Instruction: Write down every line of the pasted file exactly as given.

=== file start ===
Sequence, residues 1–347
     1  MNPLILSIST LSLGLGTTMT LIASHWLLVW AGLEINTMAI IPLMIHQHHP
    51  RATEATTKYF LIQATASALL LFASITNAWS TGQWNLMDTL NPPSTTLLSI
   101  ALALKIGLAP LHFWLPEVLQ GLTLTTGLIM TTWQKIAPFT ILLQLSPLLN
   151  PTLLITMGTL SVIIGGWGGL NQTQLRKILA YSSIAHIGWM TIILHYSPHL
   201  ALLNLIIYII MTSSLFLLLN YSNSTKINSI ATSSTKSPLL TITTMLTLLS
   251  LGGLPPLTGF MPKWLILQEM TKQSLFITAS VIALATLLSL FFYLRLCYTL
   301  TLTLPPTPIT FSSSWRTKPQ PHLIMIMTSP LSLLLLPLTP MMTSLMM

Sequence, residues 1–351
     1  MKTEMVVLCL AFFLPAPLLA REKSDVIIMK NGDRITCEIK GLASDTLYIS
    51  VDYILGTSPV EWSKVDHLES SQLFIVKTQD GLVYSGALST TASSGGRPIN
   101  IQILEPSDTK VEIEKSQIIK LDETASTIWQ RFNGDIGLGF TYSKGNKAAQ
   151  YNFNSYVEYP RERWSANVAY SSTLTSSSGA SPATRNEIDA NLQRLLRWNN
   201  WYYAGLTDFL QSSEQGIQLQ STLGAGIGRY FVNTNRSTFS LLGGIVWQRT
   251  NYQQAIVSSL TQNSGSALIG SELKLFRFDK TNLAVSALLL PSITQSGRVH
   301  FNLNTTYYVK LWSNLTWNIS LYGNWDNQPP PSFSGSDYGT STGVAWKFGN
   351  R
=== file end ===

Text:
Sequence, residues 1–347
     1  MNPLILSIST LSLGLGTTMT LIASHWLLVW AGLEINTMAI IPLMIHQHHP
    51  RATEATTKYF LIQATASALL LFASITNAWS TGQWNLMDTL NPPSTTLLSI
   101  ALALKIGLAP LHFWLPEVLQ GLTLTTGLIM TTWQKIAPFT ILLQLSPLLN
   151  PTLLITMGTL SVIIGGWGGL NQTQLRKILA YSSIAHIGWM TIILHYSPHL
   201  ALLNLIIYII MTSSLFLLLN YSNSTKINSI ATSSTKSPLL TITTMLTLLS
   251  LGGLPPLTGF MPKWLILQEM TKQSLFITAS VIALATLLSL FFYLRLCYTL
   301  TLTLPPTPIT FSSSWRTKPQ PHLIMIMTSP LSLLLLPLTP MMTSLMM

Sequence, residues 1–351
     1  MKTEMVVLCL AFFLPAPLLA REKSDVIIMK NGDRITCEIK GLASDTLYIS
    51  VDYILGTSPV EWSKVDHLES SQLFIVKTQD GLVYSGALST TASSGGRPIN
   101  IQILEPSDTK VEIEKSQIIK LDETASTIWQ RFNGDIGLGF TYSKGNKAAQ
   151  YNFNSYVEYP RERWSANVAY SSTLTSSSGA SPATRNEIDA NLQRLLRWNN
   201  WYYAGLTDFL QSSEQGIQLQ STLGAGIGRY FVNTNRSTFS LLGGIVWQRT
   251  NYQQAIVSSL TQNSGSALIG SELKLFRFDK TNLAVSALLL PSITQSGRVH
   301  FNLNTTYYVK LWSNLTWNIS LYGNWDNQPP PSFSGSDYGT STGVAWKFGN
   351  R